It is getting tougher to find the right product mix to compete on turns and margins. In other words, it is getting tougher to make a living on product sales alone.  This year’s EFC research study asked members what would the greatest advantage of technology improvements for their logistics and supply chain be? Overwhelmingly, members said improved service. The thought of competing in today’s market on price alone has left our industry, just like the name “wholesalers”. 

Moving forward, service will mean offering your customers reduced time, energy, concern and employment. Reducing the turns and the mark-up is now replaced with reducing the customer’s overall costs. These real savings for the customer can far out-perform any savings they receive by shaving a little off the mark-up.

Rick McCarten is VP, Operations, Electro-Federation Canada. Read Part 1 here:



David GordonBy David Gordon

We’ve gone from looking at the coronavirus from afar to being in the middle of the coronavirus storm. It’s obviously changed the business and outlook for the year. While tragic, and disruptive, the phrase “this to shall pass” should be kept in mind.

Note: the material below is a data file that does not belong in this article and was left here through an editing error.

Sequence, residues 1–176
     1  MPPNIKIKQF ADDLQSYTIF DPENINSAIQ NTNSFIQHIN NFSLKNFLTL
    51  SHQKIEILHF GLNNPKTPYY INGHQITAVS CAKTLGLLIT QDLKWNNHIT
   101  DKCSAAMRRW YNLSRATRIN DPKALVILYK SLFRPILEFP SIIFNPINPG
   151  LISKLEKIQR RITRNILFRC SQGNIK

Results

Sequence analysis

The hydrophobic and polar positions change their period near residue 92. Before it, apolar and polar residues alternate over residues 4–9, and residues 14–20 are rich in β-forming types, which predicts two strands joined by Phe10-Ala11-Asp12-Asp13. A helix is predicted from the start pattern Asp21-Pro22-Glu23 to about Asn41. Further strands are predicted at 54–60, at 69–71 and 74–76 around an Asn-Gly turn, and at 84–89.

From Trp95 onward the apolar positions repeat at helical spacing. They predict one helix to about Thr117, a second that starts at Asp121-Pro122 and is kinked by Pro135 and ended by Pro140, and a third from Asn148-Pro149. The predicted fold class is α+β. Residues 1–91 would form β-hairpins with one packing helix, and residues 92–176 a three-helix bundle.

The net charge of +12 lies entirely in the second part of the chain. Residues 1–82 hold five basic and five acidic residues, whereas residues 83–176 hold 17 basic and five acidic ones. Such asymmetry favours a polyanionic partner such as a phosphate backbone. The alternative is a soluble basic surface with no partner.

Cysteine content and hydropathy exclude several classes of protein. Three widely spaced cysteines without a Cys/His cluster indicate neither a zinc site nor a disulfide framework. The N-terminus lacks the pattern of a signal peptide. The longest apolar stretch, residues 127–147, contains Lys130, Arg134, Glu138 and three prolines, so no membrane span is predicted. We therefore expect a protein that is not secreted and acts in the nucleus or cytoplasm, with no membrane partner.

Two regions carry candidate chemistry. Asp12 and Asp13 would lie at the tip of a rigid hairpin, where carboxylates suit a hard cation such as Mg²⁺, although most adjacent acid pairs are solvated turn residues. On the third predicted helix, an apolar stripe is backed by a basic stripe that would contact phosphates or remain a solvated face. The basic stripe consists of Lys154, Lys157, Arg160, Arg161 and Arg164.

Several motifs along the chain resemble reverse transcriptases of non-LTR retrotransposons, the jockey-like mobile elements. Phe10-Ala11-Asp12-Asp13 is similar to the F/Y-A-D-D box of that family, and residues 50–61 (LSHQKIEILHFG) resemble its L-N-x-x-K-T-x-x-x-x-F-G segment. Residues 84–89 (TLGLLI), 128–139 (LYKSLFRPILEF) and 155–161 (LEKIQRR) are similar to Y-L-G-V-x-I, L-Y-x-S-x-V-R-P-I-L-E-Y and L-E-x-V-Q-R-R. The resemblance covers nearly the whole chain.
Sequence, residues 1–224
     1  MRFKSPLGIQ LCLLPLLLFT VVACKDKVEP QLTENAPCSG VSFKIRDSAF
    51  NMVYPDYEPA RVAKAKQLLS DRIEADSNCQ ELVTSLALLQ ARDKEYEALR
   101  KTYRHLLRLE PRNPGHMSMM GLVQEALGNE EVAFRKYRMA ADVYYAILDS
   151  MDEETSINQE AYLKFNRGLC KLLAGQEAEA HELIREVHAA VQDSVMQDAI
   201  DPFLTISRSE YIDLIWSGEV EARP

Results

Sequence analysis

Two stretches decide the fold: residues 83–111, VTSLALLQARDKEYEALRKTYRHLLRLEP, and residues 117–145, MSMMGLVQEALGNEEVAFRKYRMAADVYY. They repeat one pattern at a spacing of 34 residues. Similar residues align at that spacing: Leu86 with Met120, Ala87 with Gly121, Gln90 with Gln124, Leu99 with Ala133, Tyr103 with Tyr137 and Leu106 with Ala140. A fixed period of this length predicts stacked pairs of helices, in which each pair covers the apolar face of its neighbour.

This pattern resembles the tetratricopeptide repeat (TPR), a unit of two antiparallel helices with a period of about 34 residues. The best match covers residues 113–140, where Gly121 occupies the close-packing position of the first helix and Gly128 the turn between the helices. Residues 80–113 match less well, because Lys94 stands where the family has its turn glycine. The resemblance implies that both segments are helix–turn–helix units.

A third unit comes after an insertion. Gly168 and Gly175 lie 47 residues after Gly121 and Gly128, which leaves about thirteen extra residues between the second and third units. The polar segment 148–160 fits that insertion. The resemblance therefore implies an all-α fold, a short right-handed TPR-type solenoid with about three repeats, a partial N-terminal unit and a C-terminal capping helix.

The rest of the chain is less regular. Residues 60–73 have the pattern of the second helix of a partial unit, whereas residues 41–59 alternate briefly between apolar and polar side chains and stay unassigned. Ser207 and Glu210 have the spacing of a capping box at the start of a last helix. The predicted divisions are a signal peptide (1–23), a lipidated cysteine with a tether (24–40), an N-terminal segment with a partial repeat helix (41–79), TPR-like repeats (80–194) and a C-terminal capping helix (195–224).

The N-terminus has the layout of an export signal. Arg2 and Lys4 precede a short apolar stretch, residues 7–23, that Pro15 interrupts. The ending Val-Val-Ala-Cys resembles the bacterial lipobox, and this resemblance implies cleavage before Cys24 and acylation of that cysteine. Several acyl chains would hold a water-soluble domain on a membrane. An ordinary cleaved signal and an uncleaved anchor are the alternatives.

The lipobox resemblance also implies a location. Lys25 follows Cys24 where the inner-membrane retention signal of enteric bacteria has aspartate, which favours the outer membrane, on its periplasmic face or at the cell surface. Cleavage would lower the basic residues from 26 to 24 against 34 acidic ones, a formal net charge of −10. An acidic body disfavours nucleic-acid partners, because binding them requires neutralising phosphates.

Some thoughts regarding doing business in the coronavirus era:

1. Take care of your people.  If they are concerned about family, they are less focused on business. 


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In volume terms, sales grew 1.7%.

Motor vehicle and agricultural supplies industries drive higher sales in January 

Sales in the motor vehicle and motor vehicle parts subsector grew 3.0% to $11.3 billion in January.